Melotti also took a photo but shared it to commemorate her trip to India for ActionAid Italia, a human rights organization. “Be the change that you wish to see in the world,” the caption reads.


“Today everything exists to end in a photograph,” Sontag wrote in her collected essays On Photography. “A way of certifying experience, taking photographs is also a way of refusing it — by limiting experience to a search for the photogenic, by converting experience into an image, a souvenir.” By posting photos on Instagram, we are certifying these experiences for others. But we are also certifying a lifestyle: what we wear, where we sleep, the food we consume. “Instagram food is almost always something to be obtained, rather than cooked or created,” writes Amanda Mull on Eater. “The posting of a particular item signals both affluence and leisure.”

According to John Berger, the genesis of lifestyle content was not photography, but European oil painting. “A certain type of oil painting celebrated merchandise in a way that had never happened before in the history of art,” Berger explains in his oft-referenced BBC special Ways of Seeing. “Merchandise became the actual principle subject of these works. Eating is a pleasure, but these paintings cannot be eaten.” He goes on to explain how this celebration of merchandise evolved to become advertising as we know it today: images that speak more to the viewer’s sense of self than the product’s merit. The alpha and omega of modern advertising is that we want to be the person with the thing pictured more than we want the thing.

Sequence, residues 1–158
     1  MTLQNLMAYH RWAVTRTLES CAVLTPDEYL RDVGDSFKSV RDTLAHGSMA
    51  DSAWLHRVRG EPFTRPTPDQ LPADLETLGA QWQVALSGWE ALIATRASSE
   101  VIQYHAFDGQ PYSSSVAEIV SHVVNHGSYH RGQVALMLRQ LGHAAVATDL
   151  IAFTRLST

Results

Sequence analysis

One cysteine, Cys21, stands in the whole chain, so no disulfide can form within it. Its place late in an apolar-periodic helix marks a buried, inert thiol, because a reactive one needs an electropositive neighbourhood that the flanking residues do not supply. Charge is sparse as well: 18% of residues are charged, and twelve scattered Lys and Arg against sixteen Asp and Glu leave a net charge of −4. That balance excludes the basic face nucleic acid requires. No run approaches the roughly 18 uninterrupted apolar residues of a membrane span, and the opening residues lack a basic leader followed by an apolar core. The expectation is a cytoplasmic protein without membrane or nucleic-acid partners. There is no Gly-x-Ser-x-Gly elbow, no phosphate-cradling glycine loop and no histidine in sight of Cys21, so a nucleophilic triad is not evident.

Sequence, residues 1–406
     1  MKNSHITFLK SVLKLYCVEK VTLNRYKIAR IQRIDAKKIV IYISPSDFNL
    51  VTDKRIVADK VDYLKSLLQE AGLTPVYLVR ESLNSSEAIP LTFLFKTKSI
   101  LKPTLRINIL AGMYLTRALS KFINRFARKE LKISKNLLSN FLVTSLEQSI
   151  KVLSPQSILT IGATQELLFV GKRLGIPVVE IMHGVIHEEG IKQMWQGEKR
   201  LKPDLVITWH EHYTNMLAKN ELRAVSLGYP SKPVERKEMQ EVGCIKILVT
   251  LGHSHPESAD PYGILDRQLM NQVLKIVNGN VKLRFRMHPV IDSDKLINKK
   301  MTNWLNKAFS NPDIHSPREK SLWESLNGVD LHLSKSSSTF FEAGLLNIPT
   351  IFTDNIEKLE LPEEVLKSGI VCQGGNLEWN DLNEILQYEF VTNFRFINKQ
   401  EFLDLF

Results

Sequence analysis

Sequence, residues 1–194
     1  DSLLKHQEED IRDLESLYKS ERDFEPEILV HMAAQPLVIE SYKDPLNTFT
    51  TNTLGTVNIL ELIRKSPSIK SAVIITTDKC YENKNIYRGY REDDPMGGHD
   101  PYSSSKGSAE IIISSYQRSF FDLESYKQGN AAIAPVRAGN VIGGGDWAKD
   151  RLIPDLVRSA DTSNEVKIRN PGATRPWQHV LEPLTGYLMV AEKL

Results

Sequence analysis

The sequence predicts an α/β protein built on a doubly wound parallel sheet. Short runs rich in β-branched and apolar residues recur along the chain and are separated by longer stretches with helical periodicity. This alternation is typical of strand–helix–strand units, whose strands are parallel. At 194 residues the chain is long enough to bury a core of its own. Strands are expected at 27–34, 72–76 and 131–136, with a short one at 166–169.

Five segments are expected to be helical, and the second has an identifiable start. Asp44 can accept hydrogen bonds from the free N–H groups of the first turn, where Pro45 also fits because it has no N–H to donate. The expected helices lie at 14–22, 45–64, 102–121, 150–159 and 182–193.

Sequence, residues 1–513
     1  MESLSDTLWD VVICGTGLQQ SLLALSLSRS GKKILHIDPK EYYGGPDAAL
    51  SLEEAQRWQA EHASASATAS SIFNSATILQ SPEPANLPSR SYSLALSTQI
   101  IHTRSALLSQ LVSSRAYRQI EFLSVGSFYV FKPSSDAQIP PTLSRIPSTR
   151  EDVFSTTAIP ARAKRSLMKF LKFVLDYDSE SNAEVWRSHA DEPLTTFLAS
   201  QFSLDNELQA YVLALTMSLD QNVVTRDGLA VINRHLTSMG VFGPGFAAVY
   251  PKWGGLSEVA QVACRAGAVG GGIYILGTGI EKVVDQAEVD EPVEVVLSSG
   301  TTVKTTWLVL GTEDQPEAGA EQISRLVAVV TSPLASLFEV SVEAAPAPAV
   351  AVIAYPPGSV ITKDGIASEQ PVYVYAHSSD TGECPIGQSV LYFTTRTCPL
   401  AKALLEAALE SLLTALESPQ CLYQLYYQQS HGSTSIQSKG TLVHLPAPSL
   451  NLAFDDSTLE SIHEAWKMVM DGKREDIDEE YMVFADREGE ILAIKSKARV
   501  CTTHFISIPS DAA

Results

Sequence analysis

Consumption was implicit in portraits of wealthy Europeans, although not the primary focus. “These paintings did not directly celebrate what was buyable,” Berger says, “They were records of the confidence of those to whom ownership brought confidence.” Equally, the lifestyle Instagram post is an image that celebrates a way of living more than a particular product. Writing for Jacobin, Adam Stoneman calls Berger’s theory “the spectacle of pleasure,” completely divorced from “taste or enjoyment.” Like a plate of food staged for a photograph alone.